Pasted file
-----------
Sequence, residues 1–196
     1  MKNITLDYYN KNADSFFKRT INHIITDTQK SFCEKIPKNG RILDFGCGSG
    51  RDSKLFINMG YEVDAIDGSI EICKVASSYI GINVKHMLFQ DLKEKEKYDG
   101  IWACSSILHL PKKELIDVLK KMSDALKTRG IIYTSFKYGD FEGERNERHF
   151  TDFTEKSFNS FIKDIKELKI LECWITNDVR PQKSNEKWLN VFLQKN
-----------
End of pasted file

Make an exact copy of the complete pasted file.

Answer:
Sequence, residues 1–196
     1  MKNITLDYYN KNADSFFKRT INHIITDTQK SFCEKIPKNG RILDFGCGSG
    51  RDSKLFINMG YEVDAIDGSI EICKVASSYI GINVKHMLFQ DLKEKEKYDG
   101  IWACSSILHL PKKELIDVLK KMSDALKTRG IIYTSFKYGD FEGERNERHF
   151  TDFTEKSFNS FIKDIKELKI LECWITNDVR PQKSNEKWLN VFLQKN